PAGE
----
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Service development I
PMO-023 Assessment of quality of life, coping strategies and personal beliefs in neuroendocrine tumour patients
  1. J Garcia-Hernandez,
  2. M Khan,
  3. J Goodhand,
  4. C Toumpanakis,
  5. M Caplin
  1. Royal Free Hospital, London, UK

Abstract

Introduction Medical research is focused on the developing of treatments and improving survival outcomes. In recent years, quality of life (QoL) measurements have been included in clinical trials as a relevant outcome variable; however, other psychological variables might have an impact on QoL. This study aims to determine: H1. Whether NET symptoms have a greater impact on QoL than disease severity. H2. Whether coping strategies influence QoL. H3 Whether internal control beliefs in the potential of control cancer growth are associated with QoL.

Methods 74 patients completed a web survey involving: QoL (EORTC C.30 and GI.NET21), a coping styles (Brief cope) and an illness perception measurements. All questionnaires were counterbalanced.

Results Endocrine and gastrointestinal symptoms, were negatively associated with self-reported measures of QoL, r=−46, N=73, p.05. Problem focus strategies such as acceptance, active coping and planning were not associated with QoL. Interestingly, emotion focus strategies such as behavioural disengagement, venting and self-blame were negatively associated with QoL, r=−0.48, N=73. Neuroendocrine patients considered that, keeping a positive attitude, not smoking and limiting alcohol intake would prevent cancer from spreading and progressing; however none of them were correlated with QoL.

Conclusion Disease severity is not associated with to QoL, whereas specific neuroendocrine symptoms, flushing and diarrhoea are. Active coping, acceptance, seeking emotional or instrumental support, were not correlated to QoL. In contrast, behavioural disengagement, denial and self-blame were negatively associated to self reported measures of QoL. Most of our patients endeavour on active or problem focus strategies where there is agreement of being more adaptive long term than avoidant or emotional strategies. This study has shown the relationship between neuroendocrine symptoms and coping strategies with QoL. Prospective and randomised trials will clarify the causal relationship among these constructs. Future research should include the relationship of psychosocial variables and neuroendocrine biomarkers.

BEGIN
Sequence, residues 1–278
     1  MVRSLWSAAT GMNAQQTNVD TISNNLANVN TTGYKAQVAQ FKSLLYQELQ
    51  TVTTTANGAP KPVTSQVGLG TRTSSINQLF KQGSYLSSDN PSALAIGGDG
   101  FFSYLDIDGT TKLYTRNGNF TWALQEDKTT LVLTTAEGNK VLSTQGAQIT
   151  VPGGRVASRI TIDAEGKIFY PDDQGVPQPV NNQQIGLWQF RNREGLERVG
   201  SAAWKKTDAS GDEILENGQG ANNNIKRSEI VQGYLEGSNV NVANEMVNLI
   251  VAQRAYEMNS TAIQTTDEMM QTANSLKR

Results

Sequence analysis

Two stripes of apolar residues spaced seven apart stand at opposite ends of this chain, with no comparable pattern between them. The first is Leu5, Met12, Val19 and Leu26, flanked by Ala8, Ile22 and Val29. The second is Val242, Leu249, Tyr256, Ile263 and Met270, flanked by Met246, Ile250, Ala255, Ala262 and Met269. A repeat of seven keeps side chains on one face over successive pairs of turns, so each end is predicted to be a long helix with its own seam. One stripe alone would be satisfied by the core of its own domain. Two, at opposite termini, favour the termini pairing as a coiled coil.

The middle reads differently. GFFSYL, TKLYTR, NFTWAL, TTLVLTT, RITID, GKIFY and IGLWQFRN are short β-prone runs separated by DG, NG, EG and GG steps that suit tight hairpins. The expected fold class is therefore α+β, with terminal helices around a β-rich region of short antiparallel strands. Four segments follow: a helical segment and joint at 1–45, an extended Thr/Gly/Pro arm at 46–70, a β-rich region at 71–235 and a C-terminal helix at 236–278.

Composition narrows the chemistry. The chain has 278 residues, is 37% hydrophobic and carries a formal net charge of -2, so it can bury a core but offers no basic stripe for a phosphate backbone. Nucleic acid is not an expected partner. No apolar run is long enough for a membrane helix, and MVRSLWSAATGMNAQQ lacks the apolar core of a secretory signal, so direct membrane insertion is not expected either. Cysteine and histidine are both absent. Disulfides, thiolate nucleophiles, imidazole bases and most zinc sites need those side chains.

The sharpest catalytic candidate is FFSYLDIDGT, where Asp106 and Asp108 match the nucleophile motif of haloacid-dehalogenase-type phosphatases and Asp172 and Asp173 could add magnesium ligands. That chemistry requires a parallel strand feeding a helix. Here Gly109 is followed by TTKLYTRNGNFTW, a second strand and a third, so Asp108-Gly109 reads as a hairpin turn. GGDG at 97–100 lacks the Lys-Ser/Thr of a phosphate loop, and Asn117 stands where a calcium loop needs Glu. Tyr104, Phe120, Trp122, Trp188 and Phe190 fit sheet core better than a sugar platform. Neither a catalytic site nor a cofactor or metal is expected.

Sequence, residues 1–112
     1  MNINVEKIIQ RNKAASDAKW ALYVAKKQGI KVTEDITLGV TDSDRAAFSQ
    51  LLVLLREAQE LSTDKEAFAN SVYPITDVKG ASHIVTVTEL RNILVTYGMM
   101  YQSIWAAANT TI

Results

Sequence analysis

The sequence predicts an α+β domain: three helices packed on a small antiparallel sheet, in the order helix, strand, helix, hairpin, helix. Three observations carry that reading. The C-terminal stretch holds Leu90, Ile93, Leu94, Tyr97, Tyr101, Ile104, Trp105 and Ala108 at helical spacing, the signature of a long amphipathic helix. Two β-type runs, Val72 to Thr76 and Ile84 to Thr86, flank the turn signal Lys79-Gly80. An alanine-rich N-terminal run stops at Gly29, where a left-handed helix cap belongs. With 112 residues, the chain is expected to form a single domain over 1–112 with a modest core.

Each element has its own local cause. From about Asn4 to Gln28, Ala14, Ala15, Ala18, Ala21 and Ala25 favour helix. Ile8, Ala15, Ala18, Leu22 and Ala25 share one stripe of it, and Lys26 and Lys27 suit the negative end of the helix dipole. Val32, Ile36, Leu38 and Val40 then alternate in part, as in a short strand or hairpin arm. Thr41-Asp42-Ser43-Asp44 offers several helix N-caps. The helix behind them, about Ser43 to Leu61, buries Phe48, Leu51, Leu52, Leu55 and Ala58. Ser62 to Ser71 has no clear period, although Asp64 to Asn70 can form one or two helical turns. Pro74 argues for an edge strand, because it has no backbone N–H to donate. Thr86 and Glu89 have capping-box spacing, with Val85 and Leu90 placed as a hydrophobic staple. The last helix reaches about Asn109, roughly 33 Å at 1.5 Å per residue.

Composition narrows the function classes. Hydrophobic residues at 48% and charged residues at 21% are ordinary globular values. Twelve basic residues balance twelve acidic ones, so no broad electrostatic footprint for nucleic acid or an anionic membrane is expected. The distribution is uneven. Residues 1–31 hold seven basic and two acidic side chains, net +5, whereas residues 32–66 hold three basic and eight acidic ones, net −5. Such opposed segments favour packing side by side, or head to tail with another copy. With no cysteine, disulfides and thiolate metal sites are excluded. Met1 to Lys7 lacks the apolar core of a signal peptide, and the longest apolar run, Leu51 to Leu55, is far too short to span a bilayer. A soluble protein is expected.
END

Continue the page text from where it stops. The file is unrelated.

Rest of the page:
Competing interests None declared.

References 1. Carver CS. You want to measure coping but your protocol is too long: Consider the Brief COPE. Int J Behav Med 1997;4:92–100.

2. Larsson G, Sjoden PO, Oberg K, et al. Importance-satisfaction discrepancies are associated with health-related quality of life in five year survivors of endocrine gastrointestinal tumours. Ann Oncol 1999;10:1321–7.

3. Miles A, Simon A, Wardle J. Answering patient questions about the role lifestyle factors play in cancer onset and recurrence. J Health Psychol. 2010;15:291–8.

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